LAKE GEORGE, N.Y. (NEWS10) – On Friday, a New York State Supreme Court judge made a decision on a conflict over whether to use an herbicide on Lake George. Judge Robert Muller ruled in favor of the Lake George Association (LGA) and several other groups who petitioned last year to halt the use of ProcellaCOR in two lake bays.

Last month, state groups including the Adirondack Park Association and Lake George Park Commission were represented in state court against the LGA, Lake George Waterkeeper Chris Navitsky, the town of Hague, and a private resident, who collectively petitioned for a halt to state approval of ProcellaCOR. The herbicide, called safe for use by state groups, would have been used to treat populations of Eurasian watermilfoil residing in Blairs Bay and Sheep Meadow Bay, both located midway up the lake.

“We are grateful for Judge Muller’s detailed and thoughtful ruling, which recognizes the intense public opposition and the great number of outstanding scientific questions regarding the potential adverse impacts of ProcellaCOR on the water, plants and organisms of Lake George,” wrote the Lake George Association in a release on Friday. “New York State long ago established that Lake George is deserving of special protections as a Class AA-Special water body and drinking water source, and this decision affirms that special status.”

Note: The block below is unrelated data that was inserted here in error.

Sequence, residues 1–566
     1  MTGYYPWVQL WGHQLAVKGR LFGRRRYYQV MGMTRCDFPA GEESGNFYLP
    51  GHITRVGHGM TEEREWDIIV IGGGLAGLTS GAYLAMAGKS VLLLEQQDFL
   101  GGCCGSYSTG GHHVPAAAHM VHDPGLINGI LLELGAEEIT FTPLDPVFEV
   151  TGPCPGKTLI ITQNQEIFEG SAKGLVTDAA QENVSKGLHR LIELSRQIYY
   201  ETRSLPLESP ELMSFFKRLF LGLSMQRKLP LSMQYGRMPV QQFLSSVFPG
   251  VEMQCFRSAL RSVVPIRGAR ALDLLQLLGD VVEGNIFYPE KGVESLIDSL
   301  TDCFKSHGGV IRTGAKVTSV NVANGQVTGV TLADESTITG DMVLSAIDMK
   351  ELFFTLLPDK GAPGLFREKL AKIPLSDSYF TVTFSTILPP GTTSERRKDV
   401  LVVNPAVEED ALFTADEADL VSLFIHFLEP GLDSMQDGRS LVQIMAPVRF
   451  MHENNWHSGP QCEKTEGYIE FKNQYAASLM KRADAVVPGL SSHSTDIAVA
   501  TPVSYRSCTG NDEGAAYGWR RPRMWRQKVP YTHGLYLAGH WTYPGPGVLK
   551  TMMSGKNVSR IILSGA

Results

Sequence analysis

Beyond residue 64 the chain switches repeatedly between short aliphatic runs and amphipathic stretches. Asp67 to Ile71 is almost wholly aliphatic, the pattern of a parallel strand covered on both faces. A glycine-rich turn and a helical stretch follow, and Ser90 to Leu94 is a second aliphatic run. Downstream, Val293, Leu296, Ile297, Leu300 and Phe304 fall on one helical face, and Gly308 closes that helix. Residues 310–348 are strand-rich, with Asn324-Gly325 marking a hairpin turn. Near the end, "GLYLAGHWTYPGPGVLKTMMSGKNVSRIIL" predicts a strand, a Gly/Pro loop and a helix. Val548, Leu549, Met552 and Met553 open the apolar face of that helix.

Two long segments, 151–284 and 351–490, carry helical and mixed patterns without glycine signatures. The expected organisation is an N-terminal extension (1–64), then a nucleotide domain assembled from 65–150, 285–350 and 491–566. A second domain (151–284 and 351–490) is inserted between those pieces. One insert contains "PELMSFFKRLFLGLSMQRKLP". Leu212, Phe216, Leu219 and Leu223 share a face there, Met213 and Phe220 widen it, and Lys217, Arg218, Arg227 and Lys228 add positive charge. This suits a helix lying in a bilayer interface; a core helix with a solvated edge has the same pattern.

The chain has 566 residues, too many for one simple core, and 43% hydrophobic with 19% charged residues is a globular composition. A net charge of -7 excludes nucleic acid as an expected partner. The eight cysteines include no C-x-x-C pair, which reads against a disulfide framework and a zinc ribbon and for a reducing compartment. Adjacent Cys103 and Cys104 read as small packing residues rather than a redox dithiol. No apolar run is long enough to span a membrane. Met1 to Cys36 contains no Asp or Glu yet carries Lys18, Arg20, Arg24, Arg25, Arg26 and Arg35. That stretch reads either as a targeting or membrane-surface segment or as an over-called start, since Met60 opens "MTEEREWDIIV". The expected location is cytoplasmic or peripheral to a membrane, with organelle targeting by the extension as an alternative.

In his ruling, Muller put emphasis on the number of scientific questions that exist regarding the impact of ProcellaCOR on Lake George, as an ecosystem and drinking water source. He also cited the fervent public reaction against the herbicide’s use. Protestors held signs against the herbicide’s use on the hearing date, and the town of Hague passed a resolution opposing the use.

State groups argued that ProcellaCOR would be safe for use in Lake George, pointing to use in Minerva Lake and elsewhere, where the chemical was found to be undetectable by three days after application. Petitioners argued that more research needs to be done, and raised concerns as to the creation of an amount of dead milfoil that could feed algal blooms.

“The decision was largely procedurally based,” said Lake George Park Commission Executive Director David Wick. “On the science front, there was really no challenge as to the safety. The decision indicates that all parties agree that, to achieve the commission’s goals, (ProcellaCOR) is the way to go – but to get to that stage, there’s a process.”

The ruling validates the initial injunction which halted ProcellaCOR’s use in 2022, but doesn’t stop the Lake George Park Commission from applying again. In fact, the organization already has, announcing an intent to apply to use the herbicide in 2023 in late January.